Introducing a new way of doing things is never an easy task, especially when it comes to the development, planning, design and implementation of major Infrastructure Projects. “New and Improved” may be great at the supermarket but when it comes to resources such as energy, housing, food production and other social necessities, people are hesitant to introduce any major changes even on the best of days. For some however, the passion is not so much about the introduction of new and improved technologies and principles, but the idea of introducing fully sustainable, adaptive and integrated systemic solutions for society as a whole.
While some of the opinions may vary on the best way to do this, such is the adaptive nature of these systems that they can be changed on certain levels as may be needed so as to better fit the needs of the individual circumstances of each development. What all of the conceptualized designs and plans have in common is the introduction of a more sustainable method of sociological and environmental interaction creating a more wholly symbiotic relationship not only among people, but between humans and the environment as well.
Somehow or another, it seems almost farcical if not blatantly hypocritical to be using technologies that are hundreds or even thousands of years old during a period of intellectual and technological enlightenment such as the age we are living in now. How does one even begin to start such a complex and new undertaking however?
“Let the buyer beware!” is an old adage, brought about by good cause. Still, slap a discounted price on a bar of soap and call it new and improved and people will buy into the idea easily. If someone is disappointed for whatever reason, they are not very likely to complain too terribly much about a dollar or two that the bar of soap cost them out of pocket.
The same cannot be said for major infrastructure projects. If a new technology is introduced on a mass scale and for any reason at all, it fails to perform, the consequences can be dire. Add in a few new social constructs and whether or not the technology is proven, governments and large organizations and corporate investors all get extremely nervous. Add in a mix of proven and new technologies … and the difficulties tend to spread out in an exponential pattern of growth.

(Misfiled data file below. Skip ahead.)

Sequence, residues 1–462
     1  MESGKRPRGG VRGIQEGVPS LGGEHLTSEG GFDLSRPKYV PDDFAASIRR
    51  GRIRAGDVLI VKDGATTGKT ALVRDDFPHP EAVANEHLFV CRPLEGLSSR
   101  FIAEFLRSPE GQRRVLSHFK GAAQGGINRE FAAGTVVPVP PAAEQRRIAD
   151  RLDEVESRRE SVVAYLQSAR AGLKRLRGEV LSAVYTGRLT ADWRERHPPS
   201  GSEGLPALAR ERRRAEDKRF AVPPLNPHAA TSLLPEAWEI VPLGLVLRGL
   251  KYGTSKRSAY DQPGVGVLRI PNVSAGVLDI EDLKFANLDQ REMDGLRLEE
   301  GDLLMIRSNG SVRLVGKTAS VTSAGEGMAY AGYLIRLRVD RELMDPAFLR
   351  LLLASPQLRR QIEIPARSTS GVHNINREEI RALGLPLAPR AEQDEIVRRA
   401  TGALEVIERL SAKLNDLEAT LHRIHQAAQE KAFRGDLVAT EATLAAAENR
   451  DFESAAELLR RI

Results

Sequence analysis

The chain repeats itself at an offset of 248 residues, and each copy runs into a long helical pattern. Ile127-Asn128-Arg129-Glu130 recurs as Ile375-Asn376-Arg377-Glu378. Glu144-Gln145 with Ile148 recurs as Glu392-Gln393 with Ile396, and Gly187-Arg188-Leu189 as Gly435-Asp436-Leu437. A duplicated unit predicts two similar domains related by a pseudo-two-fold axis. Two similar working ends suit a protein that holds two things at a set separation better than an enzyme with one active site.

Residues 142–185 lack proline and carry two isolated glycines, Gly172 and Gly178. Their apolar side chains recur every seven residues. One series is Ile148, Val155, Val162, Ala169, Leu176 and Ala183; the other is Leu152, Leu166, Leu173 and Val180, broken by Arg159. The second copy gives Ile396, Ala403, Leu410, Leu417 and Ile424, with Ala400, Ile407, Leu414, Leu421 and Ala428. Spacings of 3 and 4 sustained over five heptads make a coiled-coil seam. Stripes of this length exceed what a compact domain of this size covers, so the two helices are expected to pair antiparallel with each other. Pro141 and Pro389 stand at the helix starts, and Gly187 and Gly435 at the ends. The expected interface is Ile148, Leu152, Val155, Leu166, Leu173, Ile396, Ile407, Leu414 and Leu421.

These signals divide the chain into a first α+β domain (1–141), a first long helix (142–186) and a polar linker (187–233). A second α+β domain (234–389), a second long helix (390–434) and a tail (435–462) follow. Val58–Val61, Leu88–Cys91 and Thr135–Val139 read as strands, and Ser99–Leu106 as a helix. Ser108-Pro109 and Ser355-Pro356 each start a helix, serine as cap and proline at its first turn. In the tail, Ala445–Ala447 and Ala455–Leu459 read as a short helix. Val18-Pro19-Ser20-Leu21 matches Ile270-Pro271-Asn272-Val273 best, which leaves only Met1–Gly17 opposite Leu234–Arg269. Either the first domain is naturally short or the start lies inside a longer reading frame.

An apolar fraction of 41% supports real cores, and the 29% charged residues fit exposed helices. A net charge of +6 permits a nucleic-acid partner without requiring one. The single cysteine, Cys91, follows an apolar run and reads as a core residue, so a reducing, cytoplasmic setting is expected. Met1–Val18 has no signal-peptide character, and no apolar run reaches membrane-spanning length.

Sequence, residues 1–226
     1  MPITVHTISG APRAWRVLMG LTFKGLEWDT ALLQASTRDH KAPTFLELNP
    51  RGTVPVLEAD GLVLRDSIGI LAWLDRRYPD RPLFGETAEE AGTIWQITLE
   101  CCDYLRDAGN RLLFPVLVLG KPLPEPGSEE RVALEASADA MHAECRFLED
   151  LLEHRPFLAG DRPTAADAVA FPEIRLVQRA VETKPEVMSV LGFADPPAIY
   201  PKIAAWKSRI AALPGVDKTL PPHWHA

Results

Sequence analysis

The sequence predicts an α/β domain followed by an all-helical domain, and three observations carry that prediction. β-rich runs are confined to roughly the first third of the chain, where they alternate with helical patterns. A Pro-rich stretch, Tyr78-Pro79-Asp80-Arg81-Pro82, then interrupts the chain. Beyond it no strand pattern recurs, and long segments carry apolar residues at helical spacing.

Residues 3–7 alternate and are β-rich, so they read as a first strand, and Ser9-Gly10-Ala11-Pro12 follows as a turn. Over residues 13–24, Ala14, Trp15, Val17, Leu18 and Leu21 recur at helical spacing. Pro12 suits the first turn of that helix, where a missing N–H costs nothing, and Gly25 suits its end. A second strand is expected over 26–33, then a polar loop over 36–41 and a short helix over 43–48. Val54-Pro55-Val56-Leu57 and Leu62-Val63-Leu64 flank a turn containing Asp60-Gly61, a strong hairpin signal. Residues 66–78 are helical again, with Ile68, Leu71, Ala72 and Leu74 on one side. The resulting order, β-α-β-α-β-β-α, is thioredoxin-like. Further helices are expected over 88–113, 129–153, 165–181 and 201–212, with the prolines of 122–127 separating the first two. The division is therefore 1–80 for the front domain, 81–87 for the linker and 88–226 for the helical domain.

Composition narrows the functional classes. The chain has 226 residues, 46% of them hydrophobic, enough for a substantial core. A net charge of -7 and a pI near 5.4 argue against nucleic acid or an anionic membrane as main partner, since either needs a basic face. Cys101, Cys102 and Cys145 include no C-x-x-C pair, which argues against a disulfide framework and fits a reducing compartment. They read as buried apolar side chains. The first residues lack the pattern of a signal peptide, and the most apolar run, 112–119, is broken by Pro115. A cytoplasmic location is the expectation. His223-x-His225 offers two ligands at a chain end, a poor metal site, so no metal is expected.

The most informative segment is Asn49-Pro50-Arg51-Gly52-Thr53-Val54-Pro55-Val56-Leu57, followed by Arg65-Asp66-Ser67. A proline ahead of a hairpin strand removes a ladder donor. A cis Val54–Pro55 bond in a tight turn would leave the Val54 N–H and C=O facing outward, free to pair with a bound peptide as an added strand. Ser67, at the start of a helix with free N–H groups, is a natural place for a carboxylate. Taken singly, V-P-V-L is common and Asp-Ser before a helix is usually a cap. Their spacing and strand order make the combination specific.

Still, there are not only governments, but also a great many corporate investors and even large organizations that are not only interested in funding such operations, but also in making full use of the adaptive and integrated approach so as to allow for the maximum results, testing, research, analysis and other data that will help to improve these community developments over the course of time.
The introduction of new, more efficient, or perhaps even only more sustainable and beneficial technologies (with minor consolations for slightly reduced efficiency in some cases) is actively being pursued around the globe. There are literally tens of thousands of energy companies, some experienced and many sprouting up seemingly overnight, that are actively introducing technologies to new markets. Granted, there are both good and bad concepts and people at play here, but that debate merits its own article and is far too lengthy to discuss in great detail here.
The key point of focus however, is being entirely lost in far too many of these scenarios. The introduction of even an equally efficient but “green” energy system is not in and of itself any real kind of solution. Rather, it is like putting the proverbial band-aid on the bullet-hole. It may cover up one aspect of a problem but it is not going to solve anything in and of itself.
Rather than introducing new technologies, the focus needs to be on the introduction of integrated and adaptive, systemic solutions that directly address the root causes of all the issues while at the same time providing for the needs of the here and now without adversely impacting future generations. The difficulty is in the establishment of such a concept as mainstream and the ability to open initial markets wherein the overall concept can be tested and proven in “real world” environments.
While there are many proposals currently in circulation, finding funding and takers has been difficult. It seems that generally, the overall project demands are for singular solutions … band-aids in essence … that do nothing to address the larger issues of concern and the ongoing root of the problems faced by a vast portion of the world today. Thus, a(n) RFP for a green energy solution may frown upon or be hesitant to accept the humanitarian and environmental aspects of a larger project, etc. etc. et al ad infinitum.